WASHINGTON — Vice President Kamala Harris on Sunday urged the U.S. Senate to pass police reform legislation named after George Floyd, describing the guilty verdict for Derek Chauvin, the ex-Minneapolis cop convicted of his murder, as a "piece" of addressing "pain that existed for generations."
Harris, in a sit-down interview with CNN’s "State of the Union," said she hoped the Senate had the "courage" to act on the George Floyd Justice in Policing Act. While in the Senate, Harris helped craft the legislation with Sen. Cory Booker (D-N.J.) following the public outcry over Floyd’s death last May.
The measure passed the Democratic-controlled U.S. House last month, but faces an uphill climb in the 50-50 Senate, where the measure needs 60 votes to pass. Republicans have balked at supporting the Democratic plan, backing instead a proposal by Sen. Tim Scott (R-S.C.) last year that calls for limits on chokeholds and more data collection on no-knock warrants. Democrats have proposed banning both practices.
"There is no question that we have got to put an end to these moments where the public questions whether there's going to be accountability, questions whether there's going to be the kind of fairness that we should all expect and deserve in all of our lives and, in particular, as it relates to people of color," Harris said.
Hours after the Chauvin verdict was read last Tuesday, President Joe Biden, in a speech from the White House repeated his call for the Floyd bill to be passed, saying "it shouldn't take a whole year to get this done."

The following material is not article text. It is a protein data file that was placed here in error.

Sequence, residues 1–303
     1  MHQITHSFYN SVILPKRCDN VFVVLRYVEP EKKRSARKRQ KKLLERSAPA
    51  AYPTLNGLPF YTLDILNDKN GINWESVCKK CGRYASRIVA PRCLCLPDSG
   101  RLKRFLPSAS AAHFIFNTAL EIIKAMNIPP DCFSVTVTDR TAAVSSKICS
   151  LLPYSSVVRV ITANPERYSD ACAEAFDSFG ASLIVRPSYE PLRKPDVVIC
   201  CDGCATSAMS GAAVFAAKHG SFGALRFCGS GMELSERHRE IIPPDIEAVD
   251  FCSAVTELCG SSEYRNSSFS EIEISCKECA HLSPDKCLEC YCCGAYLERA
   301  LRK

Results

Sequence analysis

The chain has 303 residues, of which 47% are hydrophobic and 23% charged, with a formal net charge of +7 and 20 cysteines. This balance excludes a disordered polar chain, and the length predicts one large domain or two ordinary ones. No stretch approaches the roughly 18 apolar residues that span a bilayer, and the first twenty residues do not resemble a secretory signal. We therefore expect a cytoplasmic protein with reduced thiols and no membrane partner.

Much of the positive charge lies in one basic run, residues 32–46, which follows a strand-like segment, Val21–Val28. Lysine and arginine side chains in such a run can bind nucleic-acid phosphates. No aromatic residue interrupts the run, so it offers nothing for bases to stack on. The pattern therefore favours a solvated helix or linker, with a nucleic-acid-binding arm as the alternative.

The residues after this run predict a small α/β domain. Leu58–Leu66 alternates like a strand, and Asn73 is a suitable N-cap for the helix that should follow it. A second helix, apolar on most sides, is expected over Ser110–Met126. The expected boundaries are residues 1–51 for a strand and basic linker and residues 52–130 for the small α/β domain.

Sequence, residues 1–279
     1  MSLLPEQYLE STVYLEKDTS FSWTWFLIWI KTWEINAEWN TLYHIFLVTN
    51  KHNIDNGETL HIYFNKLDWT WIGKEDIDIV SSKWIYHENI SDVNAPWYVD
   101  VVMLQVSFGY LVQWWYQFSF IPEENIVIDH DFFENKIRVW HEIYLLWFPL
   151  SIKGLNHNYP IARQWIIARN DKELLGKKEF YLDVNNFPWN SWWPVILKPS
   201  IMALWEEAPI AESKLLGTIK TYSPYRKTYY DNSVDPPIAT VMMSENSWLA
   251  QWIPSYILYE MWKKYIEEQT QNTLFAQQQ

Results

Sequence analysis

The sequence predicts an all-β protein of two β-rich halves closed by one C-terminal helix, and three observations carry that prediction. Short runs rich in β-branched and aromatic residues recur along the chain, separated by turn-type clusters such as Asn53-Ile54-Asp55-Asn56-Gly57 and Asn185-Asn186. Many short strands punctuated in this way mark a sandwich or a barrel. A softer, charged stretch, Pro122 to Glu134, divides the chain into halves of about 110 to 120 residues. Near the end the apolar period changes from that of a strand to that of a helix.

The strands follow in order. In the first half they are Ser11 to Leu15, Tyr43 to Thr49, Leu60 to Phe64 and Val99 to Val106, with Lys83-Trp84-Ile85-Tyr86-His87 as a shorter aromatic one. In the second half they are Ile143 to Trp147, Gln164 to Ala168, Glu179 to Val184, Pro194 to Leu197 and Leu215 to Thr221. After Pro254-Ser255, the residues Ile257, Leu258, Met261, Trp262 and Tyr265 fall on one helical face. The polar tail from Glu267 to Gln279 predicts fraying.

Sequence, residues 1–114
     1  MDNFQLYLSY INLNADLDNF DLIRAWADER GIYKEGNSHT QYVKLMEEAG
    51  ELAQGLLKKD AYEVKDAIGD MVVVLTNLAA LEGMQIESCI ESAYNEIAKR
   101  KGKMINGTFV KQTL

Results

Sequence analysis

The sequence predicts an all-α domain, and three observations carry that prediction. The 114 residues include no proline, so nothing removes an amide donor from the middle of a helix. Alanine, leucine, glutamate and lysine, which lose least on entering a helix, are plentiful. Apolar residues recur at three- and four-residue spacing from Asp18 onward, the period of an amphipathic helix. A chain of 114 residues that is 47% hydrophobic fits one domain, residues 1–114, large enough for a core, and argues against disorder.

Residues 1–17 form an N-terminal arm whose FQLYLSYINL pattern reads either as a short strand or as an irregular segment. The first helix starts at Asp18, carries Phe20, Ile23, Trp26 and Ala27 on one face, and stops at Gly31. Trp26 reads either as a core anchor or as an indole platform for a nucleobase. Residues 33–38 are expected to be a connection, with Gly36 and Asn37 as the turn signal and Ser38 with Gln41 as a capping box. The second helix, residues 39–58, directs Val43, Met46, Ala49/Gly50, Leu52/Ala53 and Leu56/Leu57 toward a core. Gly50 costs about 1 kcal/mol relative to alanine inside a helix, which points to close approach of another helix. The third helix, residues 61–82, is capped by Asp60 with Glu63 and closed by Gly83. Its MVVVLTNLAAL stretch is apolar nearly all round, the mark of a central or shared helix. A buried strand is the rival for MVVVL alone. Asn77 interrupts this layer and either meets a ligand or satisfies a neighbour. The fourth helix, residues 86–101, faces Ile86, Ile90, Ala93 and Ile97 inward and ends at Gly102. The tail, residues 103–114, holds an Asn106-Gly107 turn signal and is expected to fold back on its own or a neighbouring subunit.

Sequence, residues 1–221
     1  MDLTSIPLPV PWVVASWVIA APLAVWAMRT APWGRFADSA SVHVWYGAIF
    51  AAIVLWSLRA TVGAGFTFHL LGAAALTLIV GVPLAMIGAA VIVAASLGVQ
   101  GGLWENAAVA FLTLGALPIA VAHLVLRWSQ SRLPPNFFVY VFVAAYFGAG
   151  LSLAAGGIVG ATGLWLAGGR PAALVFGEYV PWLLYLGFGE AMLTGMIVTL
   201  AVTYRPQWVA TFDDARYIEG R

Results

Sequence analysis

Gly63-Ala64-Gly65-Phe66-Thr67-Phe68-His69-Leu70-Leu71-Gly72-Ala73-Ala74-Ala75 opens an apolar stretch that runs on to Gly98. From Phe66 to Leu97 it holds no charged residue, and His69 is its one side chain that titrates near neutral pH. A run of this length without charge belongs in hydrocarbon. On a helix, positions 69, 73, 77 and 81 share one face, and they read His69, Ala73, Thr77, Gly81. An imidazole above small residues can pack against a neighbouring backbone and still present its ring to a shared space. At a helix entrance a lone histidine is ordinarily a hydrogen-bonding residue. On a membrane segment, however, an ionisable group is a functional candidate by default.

Harris, when asked if she and Biden will get more involved in informal negotiations between lawmakers to help pass the bill, said: "It is for the folks in the Senate to work together to resolve whatever may be differences of opinion about the details of the legislation."
Rep. Karen Bass (D-Calif.), the lead sponsor of the measure in the House, told ABC’s "This Week" that talks were ongoing between a bipartisan group of lawmakers, including the House Problem Solvers Caucus, which includes Reps. Tom Suozzi (D-Glen Cove) and Andrew Garbarino (R-Bayport), and Booker and Scott in the Senate.
"What's most important is that we come up with ways to hold police officers accountable so we will stop seeing these videos," Bass said when asked about the differences between the Democratic proposal and Scott’s plan.
The Floyd bill passed by the House would ban the use of no-knock warrants for federal drug investigations, ban racial and religious profiling by law enforcement agencies, and create a national database of police misconduct. The measure also calls for eliminating legal protection for law enforcement officers that shields them from victim lawsuits, known as qualified immunity. Scott and Republicans have opposed the call to get rid of qualified immunity and have proposed increasing reporting requirements for federal no-knock warrants rather than eliminate them. Democrats have said those proposals do not go far enough to address cases of police brutality against minorities.
"It's also about raising the standard of policing in the United States. We have 18,000 police departments and no national standards, which is why you see some practices legal in some areas and illegal in other areas, and so I think that is critical," Bass said.
Sen. Rick Scott (R- Fla.), who serves as chairman of the National Republican Senatorial Committee, told ABC’s "This Week" he believed that law enforcement groups should play a bigger role in helping craft compromise legislation.
"I think what we ought to do is let's find best practices," Scott said. "I think if you go back to what Tim Scott proposed, let's have more transparency so we can find out what's working and what's not working."
Senate Majority Leader Chuck Schumer (D-N.Y.), asked whether the Senate will pass the police reform bill by May 25 — one year after Floyd's death — told MSNBC's Mehdi Hasan on Sunday that "the first step is to see what results" Bass, Booker and Scott are "able to come up with" in their negotiations.
"They believe they're making good progress," Schumer said.
White House press secretary Jen Psaki last week said Biden is expected to use part of his first presidential address to a joint session of Congress on Wednesday to repeat his call for the passage of policing reform legislation.